Warning

 

Close

Confirm Action

Are you sure you wish to do this?

Confirm Cancel
Member Login

Site Notices
Posted: 4/11/2009 5:30:30 AM EST
[Last Edit: 4/11/2009 5:33:14 AM EST by VonBarkyBuckBuck]
My 1911A1 clone is fitted with a stainless steel Wilson Combat barrel. I shoot between 150 and 250 rounds every outting and clean my guns after every outting. I load my own ammo and usually load/shoot only total copper jacketed/plated but lately I've used some FMJ with exposed base. When I clean the barrel I run a few patches soaked with Hoppe's 9 on a jag (not a slotted eye tip) then a bronze brush thru it that gets the powder residue out but there are lead and copper color stripes still in the barrel. For that I use a foaming cleaner that appears to get the copper out. Looking down the breach end of the barrel with a pen light I can still see lead colored stripes in the corners where the lands meet the grooves. Then I'll run tight patches with ISSO on them back and fourth and the patch comes out black. Most of the barrel surface looks polished and shiney but still some lead gray stripes remain.
I spend a good amount of time cleaning and caring for my guns and never do a rush job.
Do you guys get all the lead & copper out? If so, How?
Do we need to get all the lead and copper out?

This past winter I removed the muzzel device from my stainless steel AR15 barrel then cleaned the barrel as usual with a bronze brush, Hoppe's 9 patches and ISSO. I remove all traces of ISSO with orange degreaser. Then I got the barrel bore real wet with Hoppes 9 and left it that way for 3 months. After the 3 months I ran a dry patch thru it that came out full of green guuk. I continues to run wet then dry patches thru it until clean. Now I think its clean. The type of bullets that I load for the AR do not have exposed bases so I figure there in no lead in the barrel.


Have you ever tried a 'Lead Cloth' cut into patches to clean your stainless steel barrel bore?
What do you like for removing lead traces from the barrel bore?

Thanks For Your Time
-VonBarky-

Edit for spelling and punct.
Link Posted: 4/11/2009 6:00:17 AM EST
Breakfree foaming bore cleaner will get all the crap out, it works really good.
Link Posted: 4/11/2009 10:01:46 AM EST
First buy BRONZE bore brushes in bulk from Brownell's.
Bore brushes get "used up" fast by friction and the bore solvent. When they start feeling loose, pitch them. To make them last longer, wash the solvent off before putting them away.

To clean, use bore solvent and a good brush to make about 20 passes through the bore, then one or two soaked patches.
Allow to soak for at least 30 minutes, then soak a clean patch and run it straight through the bore and out the end. If the patch has blue or green stains, the bore is still copper fouled. Allow to soak another 30 minutes or so and continue until a patch comes out without stains.

Some pointers:
"Pumping" a patch up and down a bore does nothing. A patch is just to carry solvent in and out of the bore.
If you pump a patch up and down a bore it gets steel stains from friction. Many people think this is fouling and complain that no matter how much they clean the bore is still fouled.

To remove lead, buy a Lewis Lead Remover kit from Brownell's. This is a tool designed to remove leading WITHOUT damaging a bore. It's been around since the 40's.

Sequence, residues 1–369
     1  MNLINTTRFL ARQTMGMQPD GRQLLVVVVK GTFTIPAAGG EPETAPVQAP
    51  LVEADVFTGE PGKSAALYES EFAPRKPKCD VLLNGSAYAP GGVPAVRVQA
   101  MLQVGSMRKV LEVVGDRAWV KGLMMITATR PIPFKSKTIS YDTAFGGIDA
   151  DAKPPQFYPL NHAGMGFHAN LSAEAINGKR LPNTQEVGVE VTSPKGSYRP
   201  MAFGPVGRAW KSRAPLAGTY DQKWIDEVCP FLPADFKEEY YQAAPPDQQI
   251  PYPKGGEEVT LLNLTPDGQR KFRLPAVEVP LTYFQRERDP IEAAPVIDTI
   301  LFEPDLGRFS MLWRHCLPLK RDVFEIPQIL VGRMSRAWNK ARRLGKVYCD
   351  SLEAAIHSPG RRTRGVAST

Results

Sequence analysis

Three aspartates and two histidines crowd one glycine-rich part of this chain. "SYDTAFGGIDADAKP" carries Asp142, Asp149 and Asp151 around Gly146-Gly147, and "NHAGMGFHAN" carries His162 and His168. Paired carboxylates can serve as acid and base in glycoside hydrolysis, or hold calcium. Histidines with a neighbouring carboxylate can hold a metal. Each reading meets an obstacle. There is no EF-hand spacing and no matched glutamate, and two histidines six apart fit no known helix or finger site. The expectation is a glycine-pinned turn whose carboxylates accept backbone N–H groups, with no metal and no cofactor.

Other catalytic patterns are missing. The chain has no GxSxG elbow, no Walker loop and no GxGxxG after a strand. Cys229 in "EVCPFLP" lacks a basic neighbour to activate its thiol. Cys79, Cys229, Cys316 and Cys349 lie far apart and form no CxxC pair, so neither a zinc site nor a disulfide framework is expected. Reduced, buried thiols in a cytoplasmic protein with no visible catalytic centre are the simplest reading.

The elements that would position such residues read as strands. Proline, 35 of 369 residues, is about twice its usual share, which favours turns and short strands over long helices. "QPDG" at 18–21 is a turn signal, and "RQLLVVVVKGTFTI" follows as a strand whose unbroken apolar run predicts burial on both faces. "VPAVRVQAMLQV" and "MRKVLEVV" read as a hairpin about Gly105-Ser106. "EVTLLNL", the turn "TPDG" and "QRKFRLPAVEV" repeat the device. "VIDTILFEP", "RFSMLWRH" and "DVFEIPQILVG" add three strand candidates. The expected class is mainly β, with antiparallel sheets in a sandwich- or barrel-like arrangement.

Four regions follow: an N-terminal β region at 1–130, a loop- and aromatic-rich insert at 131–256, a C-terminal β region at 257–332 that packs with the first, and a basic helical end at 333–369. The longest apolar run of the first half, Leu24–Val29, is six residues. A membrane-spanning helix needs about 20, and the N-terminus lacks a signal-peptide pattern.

Watch the video too:

http://www.brownells.com/aspx/NS/store/ProductDetail.aspx?p=21587&title=LEWIS%20LEAD%20REMOVER

After using the Lewis tool, brush the bore with a bore brush to remove the last remaining lead in the corners of the rifling.

Some shooters get SOLVENT PROOF tubing and make a long narrow tube that will hold an auto pistol barrel. They brush out the bore and run one soaked patch to remove the filth, then put the barrel in the tube and fill it with Hoppe's Number 9 bore solvent and let soak overnight.
Pitch the used solvent.
Usually, this will remove any remaining copper fouling.

You can use patches made from a lead removal cloth, and they do a good job, but they still don't get the leading out of the corners of the rifling. You still need to brush.

NEVER use stainless steel bore or chamber brushes. These are for gunsmiths to use on bores and chambers so bad, you have nothing to lose.

Use a hobby paint and solvent transfer bulb or a large eyedropper to apply solvent to patches and brushes. This prevents contaminating the bottle of solvent.
Link Posted: 5/20/2009 8:30:11 PM EST
Do you know what dissolves Lead really well? Mercury! If you really want to remove all of the Lead from the barrel get some pour it into the bore and let it sit for a few minutes. Just make sure that you do this outdoors as some people consider the fumes highly toxic.
Link Posted: 5/21/2009 10:00:56 PM EST
Originally Posted By max229:
Do you know what dissolves Lead really well? Mercury! If you really want to remove all of the Lead from the barrel get some pour it into the bore and let it sit for a few minutes. Just make sure that you do this outdoors as some people consider the fumes highly toxic.


WTF, over?
Link Posted: 5/21/2009 11:04:17 PM EST

Originally Posted By ViniVidivici:
Originally Posted By max229:
Do you know what dissolves Lead really well? Mercury! If you really want to remove all of the Lead from the barrel get some pour it into the bore and let it sit for a few minutes. Just make sure that you do this outdoors as some people consider the fumes highly toxic.
WTF, over?

I just use a regular bore solvent but what I said IS true!
Link Posted: 6/16/2009 3:52:35 AM EST
Top Top